The Jacksonville Jaguars have done little to build around the most expensive player in franchise history.
Since giving quarterback Nick Foles a four-year, $88 million contract that included $50.125 million guaranteed, the Jaguars essentially have rummaged through free-agent bargain bins, scoured sale racks and added several guys that might as well have been marked “damaged goods.”
All the while they were waiting for the draft.
It’s here now and time for Jacksonville to get Foles some help, whether it’s a starting offensive lineman, a mismatch tight end, a big-play receiver or even a third-down back.
The Jaguars are expected to use several of their first four selections on the offensive side of the ball. They have four of the top 100 selections, including the seventh overall pick next Thursday night, and could go in just about any direction.
But there’s little doubt the primary goal is to build around Foles, a guy personnel chief Tom Coughlin, general manager Dave Caldwell and coach Doug Marrone believe is a franchise quarterback capable of helping the team become a playoff contender again.
“We need to improve in that area,” Coughlin said.
Jacksonville parted ways with tight end Austin Seferian-Jenkins and veteran right tackle Jermey Parnell, creating obvious holes at those positions. The team added tight end Geoff Swaim and re-signed offensive tackle Josh Wells, but neither is considered more than an experienced backup.
So Alabama offensive lineman Jonah Williams or Florida’s Jawaan Taylor could be potential targets at No. 7.
“To be honest, the foundation of an offense is always through the line,” Foles said. “It’s really hard to run a successful offense without those guys up front.”
Taking a tight end in the top 10 would be more of a stretch, but Iowa’s T.J. Hockenson is expected to go in the top half of the first round. Hockenson caught 49 passes for 760 yards and six touchdowns as a third-year sophomore.
Foles said he has been spoiled by playing with All-Pro tight ends Travis Kelce (Kansas City) and Zach Ertz (Philadelphia), seeing firsthand how elite guys at that position can help an offense — especially when they can block and catch.
“It’s very hard to find guys that are good at both,” Foles said.
Coughlin has made it clear that, even with the addition of Foles, the team has no plans to deviate from its run-first philosophy. That means a commitment to defense, and the Jaguars have issues there, too.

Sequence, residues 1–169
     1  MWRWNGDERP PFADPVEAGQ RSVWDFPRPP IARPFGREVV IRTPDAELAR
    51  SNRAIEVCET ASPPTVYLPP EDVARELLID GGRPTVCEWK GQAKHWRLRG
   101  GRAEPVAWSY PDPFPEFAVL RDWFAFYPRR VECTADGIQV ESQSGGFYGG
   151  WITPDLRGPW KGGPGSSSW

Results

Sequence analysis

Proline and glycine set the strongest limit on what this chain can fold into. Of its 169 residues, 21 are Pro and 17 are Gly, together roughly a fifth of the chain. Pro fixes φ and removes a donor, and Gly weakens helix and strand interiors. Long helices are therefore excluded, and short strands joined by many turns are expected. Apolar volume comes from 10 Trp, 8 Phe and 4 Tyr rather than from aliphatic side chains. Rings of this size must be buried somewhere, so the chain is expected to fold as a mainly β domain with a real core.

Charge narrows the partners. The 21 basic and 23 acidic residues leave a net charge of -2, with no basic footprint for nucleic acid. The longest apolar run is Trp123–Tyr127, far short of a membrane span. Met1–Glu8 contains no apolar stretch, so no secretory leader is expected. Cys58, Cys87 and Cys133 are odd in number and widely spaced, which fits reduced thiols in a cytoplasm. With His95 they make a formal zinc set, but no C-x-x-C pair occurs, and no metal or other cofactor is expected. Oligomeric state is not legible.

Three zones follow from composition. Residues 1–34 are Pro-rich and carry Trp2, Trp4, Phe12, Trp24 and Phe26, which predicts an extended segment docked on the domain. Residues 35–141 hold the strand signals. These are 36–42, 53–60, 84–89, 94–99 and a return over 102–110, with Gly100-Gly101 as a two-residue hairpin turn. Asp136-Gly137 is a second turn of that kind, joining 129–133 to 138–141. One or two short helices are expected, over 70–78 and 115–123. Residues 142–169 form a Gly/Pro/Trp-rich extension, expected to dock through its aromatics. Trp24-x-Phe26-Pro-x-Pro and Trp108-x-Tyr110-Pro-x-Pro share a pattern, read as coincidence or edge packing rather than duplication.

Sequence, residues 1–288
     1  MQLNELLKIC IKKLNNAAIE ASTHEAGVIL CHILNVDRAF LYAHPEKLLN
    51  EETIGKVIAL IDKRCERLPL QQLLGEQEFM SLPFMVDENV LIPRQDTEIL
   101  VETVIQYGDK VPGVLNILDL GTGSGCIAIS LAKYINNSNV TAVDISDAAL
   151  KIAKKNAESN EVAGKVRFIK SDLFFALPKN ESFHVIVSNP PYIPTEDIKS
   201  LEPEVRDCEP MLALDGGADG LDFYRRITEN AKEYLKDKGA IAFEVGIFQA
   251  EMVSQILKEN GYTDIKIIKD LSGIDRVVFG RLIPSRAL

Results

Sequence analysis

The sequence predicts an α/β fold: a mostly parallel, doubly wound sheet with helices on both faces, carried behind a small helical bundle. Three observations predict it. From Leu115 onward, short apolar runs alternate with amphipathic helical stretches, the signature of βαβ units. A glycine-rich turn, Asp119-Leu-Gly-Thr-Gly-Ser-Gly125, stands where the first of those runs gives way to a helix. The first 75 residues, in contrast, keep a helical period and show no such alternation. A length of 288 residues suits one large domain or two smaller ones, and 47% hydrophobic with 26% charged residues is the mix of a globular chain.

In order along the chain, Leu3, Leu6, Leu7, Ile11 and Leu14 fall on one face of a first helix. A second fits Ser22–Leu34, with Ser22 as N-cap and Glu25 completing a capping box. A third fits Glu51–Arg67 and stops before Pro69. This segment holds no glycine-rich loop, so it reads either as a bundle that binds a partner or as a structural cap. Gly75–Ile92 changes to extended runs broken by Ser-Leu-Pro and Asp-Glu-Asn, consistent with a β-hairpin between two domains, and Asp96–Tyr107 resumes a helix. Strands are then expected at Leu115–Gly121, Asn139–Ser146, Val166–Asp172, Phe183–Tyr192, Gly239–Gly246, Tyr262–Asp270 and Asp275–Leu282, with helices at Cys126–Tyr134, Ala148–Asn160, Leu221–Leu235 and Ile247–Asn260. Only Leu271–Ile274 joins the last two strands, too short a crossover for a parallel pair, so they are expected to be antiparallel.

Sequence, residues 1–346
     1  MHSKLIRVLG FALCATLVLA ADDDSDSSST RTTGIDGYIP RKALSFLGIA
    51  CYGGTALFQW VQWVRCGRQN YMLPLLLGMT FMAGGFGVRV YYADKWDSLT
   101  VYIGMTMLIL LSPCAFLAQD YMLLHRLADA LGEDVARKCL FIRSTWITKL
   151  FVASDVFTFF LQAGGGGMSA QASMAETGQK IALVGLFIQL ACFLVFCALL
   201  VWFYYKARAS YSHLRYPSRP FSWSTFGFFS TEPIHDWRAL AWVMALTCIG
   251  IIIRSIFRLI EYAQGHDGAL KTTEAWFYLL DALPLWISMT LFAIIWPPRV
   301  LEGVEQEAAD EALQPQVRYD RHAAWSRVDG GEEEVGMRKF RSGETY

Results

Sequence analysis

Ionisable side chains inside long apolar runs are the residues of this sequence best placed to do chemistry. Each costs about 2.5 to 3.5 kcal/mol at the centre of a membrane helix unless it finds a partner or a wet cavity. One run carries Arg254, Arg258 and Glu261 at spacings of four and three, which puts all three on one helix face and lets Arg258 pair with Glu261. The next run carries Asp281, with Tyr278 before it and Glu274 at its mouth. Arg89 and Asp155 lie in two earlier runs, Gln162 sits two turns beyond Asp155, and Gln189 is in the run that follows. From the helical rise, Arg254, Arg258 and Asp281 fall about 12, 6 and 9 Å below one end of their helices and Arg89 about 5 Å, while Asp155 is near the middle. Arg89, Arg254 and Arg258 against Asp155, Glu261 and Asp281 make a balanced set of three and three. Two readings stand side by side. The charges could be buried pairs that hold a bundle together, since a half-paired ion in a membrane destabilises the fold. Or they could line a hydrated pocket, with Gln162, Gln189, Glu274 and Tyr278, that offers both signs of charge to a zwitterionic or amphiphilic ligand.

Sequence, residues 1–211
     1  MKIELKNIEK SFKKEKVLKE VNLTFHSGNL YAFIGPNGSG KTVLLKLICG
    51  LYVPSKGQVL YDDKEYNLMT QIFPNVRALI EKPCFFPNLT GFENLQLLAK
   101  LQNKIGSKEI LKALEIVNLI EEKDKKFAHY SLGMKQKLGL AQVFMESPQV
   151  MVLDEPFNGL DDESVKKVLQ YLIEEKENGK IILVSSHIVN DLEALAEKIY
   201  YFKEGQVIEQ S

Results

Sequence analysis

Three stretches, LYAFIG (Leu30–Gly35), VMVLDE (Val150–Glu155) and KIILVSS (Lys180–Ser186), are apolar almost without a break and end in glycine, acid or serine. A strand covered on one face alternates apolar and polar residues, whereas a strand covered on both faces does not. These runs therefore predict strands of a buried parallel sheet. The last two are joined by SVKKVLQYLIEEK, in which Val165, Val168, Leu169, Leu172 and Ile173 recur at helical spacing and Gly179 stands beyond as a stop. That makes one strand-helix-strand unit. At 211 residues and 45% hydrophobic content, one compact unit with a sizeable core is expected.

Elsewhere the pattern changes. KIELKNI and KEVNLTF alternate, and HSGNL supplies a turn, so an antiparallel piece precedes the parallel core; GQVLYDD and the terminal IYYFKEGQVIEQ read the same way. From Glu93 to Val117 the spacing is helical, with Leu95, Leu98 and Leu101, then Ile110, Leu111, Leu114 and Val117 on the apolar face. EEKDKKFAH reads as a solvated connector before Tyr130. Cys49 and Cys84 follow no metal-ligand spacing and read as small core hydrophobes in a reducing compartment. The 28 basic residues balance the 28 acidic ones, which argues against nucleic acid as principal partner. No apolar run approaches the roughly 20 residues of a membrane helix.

They traded away pass rusher Dante Fowler, cut former Pro Bowl defensive tackle Malik Jackson and have defensive end Calais Campbell nearing his 33rd birthday.
They also are unlikely to keep nose tackle Marcell Dareus, who is due to count $22.5 million against the salary cap in 2020, beyond this season. Throw in 2018 first-round draft pick Taven Bryan, who played sparingly as a rookie, and the Jaguars could add to the D-line early.
Coughlin developed a reputation with the New York Giants of drafting along the defensive front even though the team had more pressing needs elsewhere. He picked Justin Tuck (third round, 2005) and Mathias Kiwanuka (first round, 2006) in consecutive years despite already having Michael Strahan and Osi Umenyiora.
So don’t be surprised if Coughlin jumps at Ohio State’s Nick Bosa, Alabama’s Quinnen Williams or Kentucky’s Josh Allen if one of them slides or takes Houston’s Ed Oliver or Mississippi State’s Montez Sweat at No. 7.
“We’ll look at every option,” Caldwell said. “We won’t know until we’re on the clock.”
Here are some other things to know about the Jaguars heading into the draft:
The Jaguars are picking in the top 10 for the 11th time in the past 12 years. Part of the team’s problems is that only three of those selections — cornerback Jalen Ramsey, running back Leonard Fournette and defensive tackle Taven Bryan — remain on the roster.
Jacksonville has parted ways with both starting safeties from last year, cutting Barry Church during the season and Tashaun Gipson before free agency. Although Ronnie Harrison and Jarrod Wilson have shown promise, finding competition/backups has to be part of the draft plan.
The Jaguars have revamped their running back room by signing backup Alfred Blue and special teams player Benny Cunningham. But they still are looking to replace third-down back and speedster Corey Grant, who also returned kicks.